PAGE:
1. Notice when you’re stuck in your head
2. Keep the focus on problem-solving
3. Challenge your thoughts
4. Change the channel
Dinsa Sachan suggests:
5. Trick your brain with a replacement thought
6. Schedule a time for obsessing later
7. Pay attention to your anxiety and discomfort
8. Talk yourself out of it
Henrik Edberg suggests:
9. Put things into a wider perspective
10. Set short time-limits for decisions
11. Become a person of action
12. Realize you cannot control everything
Ryan Howes suggests:
13. Being aware is your first line of defense
14. Journal to get the thoughts out of your head
15. Remind your brain that you’re in charge
16. Don’t put pressure on yourself to handle it alone
Jessica DuBois-Maahs suggests:
17. Practice mindfulness and meditation
18. Notice when rumination happens
19. Keep your focus on problem-solving
20. Journal your thoughts
Jim Kwik suggests:
21. Catch yourself and stop yourself
22. Find a way to let the thoughts out
23. Set aside 10-15 minutes each day to reflect
24. Get busy and divert your mind to another task
Did Einstein Overthink
Short answer: Probably yes. Long answer: What scientific thinkers as Albert Einstein, Stephen Hawking, and Marie Curie did more of was deliberation.
Deliberation is thinking deeply about something over a long time to reach a careful, conscious decision. Deliberate thinkers often collaborate with others to troubleshoot and expand their input-to-output journey.
The keyword there is output. The thinkers from any field — science, philosophy, politics, business — always think to reach a decision or conclusion.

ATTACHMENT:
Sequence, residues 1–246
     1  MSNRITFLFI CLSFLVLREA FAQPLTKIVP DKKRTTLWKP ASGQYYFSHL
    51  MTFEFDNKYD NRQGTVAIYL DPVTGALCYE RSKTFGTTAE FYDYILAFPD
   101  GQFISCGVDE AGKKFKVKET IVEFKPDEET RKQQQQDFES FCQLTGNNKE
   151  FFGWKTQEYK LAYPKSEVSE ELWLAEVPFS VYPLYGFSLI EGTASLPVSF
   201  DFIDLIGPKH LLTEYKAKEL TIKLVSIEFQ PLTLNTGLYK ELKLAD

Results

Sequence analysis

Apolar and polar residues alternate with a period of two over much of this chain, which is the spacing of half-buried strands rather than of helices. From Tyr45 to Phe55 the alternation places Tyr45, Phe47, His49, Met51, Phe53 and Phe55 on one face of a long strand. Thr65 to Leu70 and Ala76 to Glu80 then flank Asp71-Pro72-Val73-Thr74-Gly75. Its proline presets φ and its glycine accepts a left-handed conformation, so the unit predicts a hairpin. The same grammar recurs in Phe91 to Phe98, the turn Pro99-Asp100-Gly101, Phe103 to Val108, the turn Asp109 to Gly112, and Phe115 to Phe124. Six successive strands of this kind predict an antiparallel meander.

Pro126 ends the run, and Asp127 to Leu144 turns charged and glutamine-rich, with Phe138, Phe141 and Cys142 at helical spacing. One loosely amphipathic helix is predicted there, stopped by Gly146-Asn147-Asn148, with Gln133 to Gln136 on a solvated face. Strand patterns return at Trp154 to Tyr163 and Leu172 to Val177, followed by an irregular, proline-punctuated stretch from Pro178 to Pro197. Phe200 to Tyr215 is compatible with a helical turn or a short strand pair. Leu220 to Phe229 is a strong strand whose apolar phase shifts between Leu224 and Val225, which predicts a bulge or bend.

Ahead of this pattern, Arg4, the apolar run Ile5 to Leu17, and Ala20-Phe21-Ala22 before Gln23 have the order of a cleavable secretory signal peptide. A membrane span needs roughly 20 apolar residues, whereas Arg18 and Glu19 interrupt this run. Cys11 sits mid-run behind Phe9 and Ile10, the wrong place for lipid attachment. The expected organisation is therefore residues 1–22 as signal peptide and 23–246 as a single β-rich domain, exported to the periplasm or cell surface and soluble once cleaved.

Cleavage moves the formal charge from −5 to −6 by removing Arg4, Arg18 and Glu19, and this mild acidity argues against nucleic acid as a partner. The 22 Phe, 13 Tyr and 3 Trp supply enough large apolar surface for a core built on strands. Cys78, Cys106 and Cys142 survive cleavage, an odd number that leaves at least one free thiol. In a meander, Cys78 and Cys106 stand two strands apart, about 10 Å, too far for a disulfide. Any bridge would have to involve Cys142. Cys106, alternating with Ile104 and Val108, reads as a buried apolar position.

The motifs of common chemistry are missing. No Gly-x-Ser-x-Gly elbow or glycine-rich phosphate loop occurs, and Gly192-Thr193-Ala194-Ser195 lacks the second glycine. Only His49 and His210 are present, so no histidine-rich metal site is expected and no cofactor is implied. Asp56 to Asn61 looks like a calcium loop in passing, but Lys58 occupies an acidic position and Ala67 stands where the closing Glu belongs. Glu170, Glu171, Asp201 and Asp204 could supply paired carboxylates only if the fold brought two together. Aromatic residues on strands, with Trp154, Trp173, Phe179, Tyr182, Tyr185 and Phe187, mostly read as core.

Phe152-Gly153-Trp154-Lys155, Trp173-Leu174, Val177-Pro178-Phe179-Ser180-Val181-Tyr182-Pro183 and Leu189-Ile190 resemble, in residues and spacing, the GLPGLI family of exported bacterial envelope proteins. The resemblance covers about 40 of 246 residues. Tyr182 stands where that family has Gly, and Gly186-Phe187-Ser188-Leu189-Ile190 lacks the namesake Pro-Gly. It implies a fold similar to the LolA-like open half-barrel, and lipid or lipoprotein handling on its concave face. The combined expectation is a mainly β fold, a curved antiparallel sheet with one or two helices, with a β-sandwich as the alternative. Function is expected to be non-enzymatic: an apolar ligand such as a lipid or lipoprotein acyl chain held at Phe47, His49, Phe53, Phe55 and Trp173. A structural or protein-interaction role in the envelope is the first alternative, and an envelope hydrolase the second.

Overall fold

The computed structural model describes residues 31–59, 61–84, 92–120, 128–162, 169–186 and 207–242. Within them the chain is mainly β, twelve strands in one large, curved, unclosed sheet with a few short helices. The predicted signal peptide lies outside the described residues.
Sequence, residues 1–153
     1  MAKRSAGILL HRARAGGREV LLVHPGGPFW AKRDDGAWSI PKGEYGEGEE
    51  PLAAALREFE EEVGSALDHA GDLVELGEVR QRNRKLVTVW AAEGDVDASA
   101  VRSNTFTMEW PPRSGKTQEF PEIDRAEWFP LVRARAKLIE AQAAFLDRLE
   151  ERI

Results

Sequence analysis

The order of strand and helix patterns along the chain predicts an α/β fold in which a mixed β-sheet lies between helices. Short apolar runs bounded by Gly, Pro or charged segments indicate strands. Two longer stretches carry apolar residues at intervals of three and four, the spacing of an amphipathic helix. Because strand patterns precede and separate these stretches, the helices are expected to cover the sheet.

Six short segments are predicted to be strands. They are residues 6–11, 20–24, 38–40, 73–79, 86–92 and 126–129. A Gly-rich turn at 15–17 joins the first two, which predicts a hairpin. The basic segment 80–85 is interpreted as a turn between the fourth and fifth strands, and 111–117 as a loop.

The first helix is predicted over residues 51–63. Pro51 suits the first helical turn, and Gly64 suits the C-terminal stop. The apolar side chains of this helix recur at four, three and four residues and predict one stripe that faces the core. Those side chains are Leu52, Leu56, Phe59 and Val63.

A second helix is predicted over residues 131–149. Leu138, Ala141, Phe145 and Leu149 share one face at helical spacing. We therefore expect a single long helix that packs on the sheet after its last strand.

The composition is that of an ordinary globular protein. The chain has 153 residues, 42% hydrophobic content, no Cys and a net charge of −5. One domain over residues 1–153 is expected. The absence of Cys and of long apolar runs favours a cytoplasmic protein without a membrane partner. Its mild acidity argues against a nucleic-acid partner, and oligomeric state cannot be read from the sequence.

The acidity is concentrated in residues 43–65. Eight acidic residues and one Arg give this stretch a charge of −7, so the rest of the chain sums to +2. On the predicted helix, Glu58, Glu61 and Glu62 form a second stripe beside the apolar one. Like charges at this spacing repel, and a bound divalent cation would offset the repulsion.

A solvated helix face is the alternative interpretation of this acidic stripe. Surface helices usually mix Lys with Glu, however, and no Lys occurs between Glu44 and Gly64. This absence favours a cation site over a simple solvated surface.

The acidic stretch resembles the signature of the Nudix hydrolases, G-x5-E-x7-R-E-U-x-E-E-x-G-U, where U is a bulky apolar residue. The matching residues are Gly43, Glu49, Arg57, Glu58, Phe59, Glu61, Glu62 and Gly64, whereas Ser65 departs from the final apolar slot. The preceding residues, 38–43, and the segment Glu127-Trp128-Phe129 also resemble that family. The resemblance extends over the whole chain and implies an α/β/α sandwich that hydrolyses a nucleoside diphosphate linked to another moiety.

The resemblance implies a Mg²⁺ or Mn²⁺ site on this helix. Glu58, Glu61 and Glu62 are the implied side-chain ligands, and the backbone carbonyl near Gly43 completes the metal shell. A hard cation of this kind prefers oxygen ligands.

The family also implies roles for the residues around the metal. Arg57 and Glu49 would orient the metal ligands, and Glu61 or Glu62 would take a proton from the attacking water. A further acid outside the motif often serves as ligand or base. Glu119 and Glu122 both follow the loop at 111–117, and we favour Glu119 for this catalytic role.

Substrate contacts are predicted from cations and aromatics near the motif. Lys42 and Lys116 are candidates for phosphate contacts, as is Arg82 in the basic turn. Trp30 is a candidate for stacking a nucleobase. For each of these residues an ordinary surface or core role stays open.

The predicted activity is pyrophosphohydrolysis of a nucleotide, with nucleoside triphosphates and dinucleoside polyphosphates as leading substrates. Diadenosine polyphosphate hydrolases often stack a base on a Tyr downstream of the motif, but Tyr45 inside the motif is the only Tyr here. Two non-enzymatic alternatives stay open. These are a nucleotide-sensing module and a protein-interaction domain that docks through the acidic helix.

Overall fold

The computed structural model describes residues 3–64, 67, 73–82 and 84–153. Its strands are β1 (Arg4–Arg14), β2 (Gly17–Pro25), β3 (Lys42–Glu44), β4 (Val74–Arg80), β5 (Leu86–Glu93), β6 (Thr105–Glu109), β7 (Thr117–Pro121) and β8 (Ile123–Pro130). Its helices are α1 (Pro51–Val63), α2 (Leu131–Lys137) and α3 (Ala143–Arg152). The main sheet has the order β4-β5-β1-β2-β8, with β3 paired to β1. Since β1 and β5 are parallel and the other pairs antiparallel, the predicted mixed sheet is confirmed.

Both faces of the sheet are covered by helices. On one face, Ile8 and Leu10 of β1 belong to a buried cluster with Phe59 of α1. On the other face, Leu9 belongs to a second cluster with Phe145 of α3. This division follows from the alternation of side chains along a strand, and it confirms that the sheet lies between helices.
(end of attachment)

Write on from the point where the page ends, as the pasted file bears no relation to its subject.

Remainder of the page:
In contrast, the overthinkers almost always do all the thinking on their own without reaching out for any collaboration. Also, as opposed to thinkers, their thoughts produce no output or action.There's a difference between overthink and deep-think. The former doesn't let you reach any decision or take any action. Click To Tweet
Overthinking is one of the most vulnerable factors in your personality that puts you at a high risk of depression, often as soon as within a year of a negative life event. The researchers also see it linked to anxiety.
So, stay watchful and take note early if you are overthinking things. Use the four methods above to arrest the irksome habit before it leads to other disruptive mental disorders.
However, if you find it hard to get over it yourself, please seek expert psychological help.
And now, before you go, a little surprise for you: 80 Greatest Overthinking Quotes!
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Author Bio: Written and reviewed by Sandip Roy – a medical doctor, psychology writer, happiness researcher. Founder of Happiness India Project, and chief editor of its blog. He writes popular-science articles on positive psychology and related medical topics.